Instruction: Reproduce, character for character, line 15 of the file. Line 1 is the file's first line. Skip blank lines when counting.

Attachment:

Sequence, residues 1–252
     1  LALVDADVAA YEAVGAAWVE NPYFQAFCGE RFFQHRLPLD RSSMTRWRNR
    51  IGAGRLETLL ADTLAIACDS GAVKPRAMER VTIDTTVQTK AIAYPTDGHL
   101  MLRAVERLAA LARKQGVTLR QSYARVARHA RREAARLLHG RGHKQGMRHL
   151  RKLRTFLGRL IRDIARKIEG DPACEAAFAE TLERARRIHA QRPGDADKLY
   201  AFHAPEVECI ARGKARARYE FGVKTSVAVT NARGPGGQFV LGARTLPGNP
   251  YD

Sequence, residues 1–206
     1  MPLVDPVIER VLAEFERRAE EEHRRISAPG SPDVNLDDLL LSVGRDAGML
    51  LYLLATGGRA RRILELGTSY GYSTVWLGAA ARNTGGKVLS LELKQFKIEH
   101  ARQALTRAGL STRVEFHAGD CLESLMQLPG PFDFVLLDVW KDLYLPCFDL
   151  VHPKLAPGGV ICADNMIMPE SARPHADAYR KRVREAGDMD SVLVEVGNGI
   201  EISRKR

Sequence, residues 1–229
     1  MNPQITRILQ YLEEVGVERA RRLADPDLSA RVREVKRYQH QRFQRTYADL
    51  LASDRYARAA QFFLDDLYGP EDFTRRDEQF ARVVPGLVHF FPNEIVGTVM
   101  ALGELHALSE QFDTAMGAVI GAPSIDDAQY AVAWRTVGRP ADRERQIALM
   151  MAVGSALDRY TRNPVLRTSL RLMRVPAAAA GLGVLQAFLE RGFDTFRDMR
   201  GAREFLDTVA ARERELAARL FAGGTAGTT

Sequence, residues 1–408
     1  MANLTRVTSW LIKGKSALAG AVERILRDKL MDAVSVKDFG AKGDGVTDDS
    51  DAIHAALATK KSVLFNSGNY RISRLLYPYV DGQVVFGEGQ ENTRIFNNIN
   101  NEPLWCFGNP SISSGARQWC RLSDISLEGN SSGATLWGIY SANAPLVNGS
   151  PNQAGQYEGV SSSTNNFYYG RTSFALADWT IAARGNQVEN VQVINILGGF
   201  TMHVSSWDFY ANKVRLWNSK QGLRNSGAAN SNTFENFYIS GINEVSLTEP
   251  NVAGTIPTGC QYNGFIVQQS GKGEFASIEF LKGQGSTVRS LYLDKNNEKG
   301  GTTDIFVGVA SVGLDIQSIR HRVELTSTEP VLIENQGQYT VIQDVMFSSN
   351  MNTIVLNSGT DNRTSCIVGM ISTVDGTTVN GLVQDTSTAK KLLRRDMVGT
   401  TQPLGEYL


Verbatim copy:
     1  MNPQITRILQ YLEEVGVERA RRLADPDLSA RVREVKRYQH QRFQRTYADL